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September 30, 2014

This Dark Road to Mercy



This Dark Road to Mercy by Wiley Cash
Fiction
2014 HarperCollins and Blackstone Audio
Readers: Scott Sowers, Jenna Lamia and Erik Bergmann
Finished on July 22, 2014
Rating: 4.75/5 (Terrific!) 


Publisher’s Blurb:

Hailed as “mesmerizing” (New York Times Book Review) and “as if Cormac McCarthy decided to rewrite Harper Lee’s To Kill a Mockingbird” (Richmond Times-Dispatch) A Land More Kind Than Home made Wiley Cash an instant literary sensation. His resonant new novel, This Dark Road to Mercy, is a tale of love and atonement, blood and vengeance, a story that involves two young sisters, a wayward father, and an enemy determined to see him pay for his sins. --

When their mother dies unexpectedly, twelve-year-old Easter and her six-year-old sister Ruby are shuffled into the foster care system in Gastonia, North Carolina, a town not far from the Appalachian mountains. But just as they settle into their new life, their errant father, Wade, an ex-minor league baseball player whom they haven't seen in years, suddenly reappears and steals them away in the middle of the night.

Brady Weller, the girls' court-appointed guardian, begins looking for Wade, and he quickly turns up unsettling information linking Wade to a multimillion-dollar robbery. But Brady isn't the only one hunting him. Also on the trail is Robert Pruitt, a mercurial man nursing a years-old vendetta, a man determined to find Wade and claim what he believes he is owed.

The combination of Cash’s evocative and intimate Southern voice and those of the alternating narrators, Easter, Brady, and Pruitt, brings this soulful story vividly to life. At once captivating and heartbreaking, This Dark Road to Mercy is a testament to the unbreakable bonds of family and the primal desire to outrun a past that refuses to let go.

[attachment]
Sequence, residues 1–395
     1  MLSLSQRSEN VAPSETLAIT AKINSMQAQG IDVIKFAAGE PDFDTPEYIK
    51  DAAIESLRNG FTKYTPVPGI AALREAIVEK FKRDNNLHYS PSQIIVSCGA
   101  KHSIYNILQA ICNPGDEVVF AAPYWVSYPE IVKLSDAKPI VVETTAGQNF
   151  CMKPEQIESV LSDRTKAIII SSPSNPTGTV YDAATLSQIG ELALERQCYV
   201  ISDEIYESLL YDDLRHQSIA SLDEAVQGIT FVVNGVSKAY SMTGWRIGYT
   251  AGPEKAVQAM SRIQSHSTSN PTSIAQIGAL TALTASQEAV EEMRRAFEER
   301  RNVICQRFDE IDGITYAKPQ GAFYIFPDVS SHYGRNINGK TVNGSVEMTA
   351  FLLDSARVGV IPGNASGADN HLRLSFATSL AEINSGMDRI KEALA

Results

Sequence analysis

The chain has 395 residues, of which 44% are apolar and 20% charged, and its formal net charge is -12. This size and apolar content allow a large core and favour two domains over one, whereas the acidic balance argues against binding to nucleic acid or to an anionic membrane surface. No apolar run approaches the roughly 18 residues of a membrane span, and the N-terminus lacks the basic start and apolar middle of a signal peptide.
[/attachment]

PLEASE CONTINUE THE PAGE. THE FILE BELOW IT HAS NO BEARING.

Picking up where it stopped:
This Dark Road to Mercy captured my heart from the opening lines thanks to the outstanding performance by reader Jenna Lamina. Reminiscent of Catherine Tabor’s performance for The Homecoming of Samuel Lake, Lamina’s southern accent is spot-on and captivating. I quickly became engrossed in Easter and Ruby’s story, eager to return to this remarkable audio book at every available opportunity. The narrative takes place during the summer of 1998 and I found myself reminiscing about my own long, hot summer afternoons in Fort Worth, Texas, spent stretched out in front of the television, watching Mark McGwire and Sammy Sosa race toward the home-run record. I do so love a good baseball story and one that is set in the south makes for a perfect novel, don’t you agree?

On baseball:
I could see everything around me now: the whole outfield with Sammy Sosa standing over in right, the upper deck, and the open white circle of the ballpark above us where the bright blue sky almost looked like a lid that was keeping all the heat trapped inside. I could feel everything around me too: the crowd was so loud that you couldn’t even hear the music or the announcers, and when Brian Jordan hit a fly ball to left field and McGwire stepped into the batter’s box with nobody on base it was the loudest thing I’d ever heard. Ruby stuffed her hot dog in her mouth and covered her ears with her hands. But as soon as McGwire set his feet and got into his batting stance the whole stadium went totally silent, and you couldn’t hardly hear a thing.

Maybe it was all the heat, or maybe it was the breeze coming across the field from home plate, but something about it all reminded me of the first time me and Ruby saw the ocean. It felt like years ago, even though it hadn’t quite been a week, but I remembered it now: the way the warm sand felt under my feet, the sound of the tide like the whispering voices I heard all around me now, the sight of the waves moving far out in the ocean like the way people were moving all around the ballpark, trying to get a better look at what might be about to happen.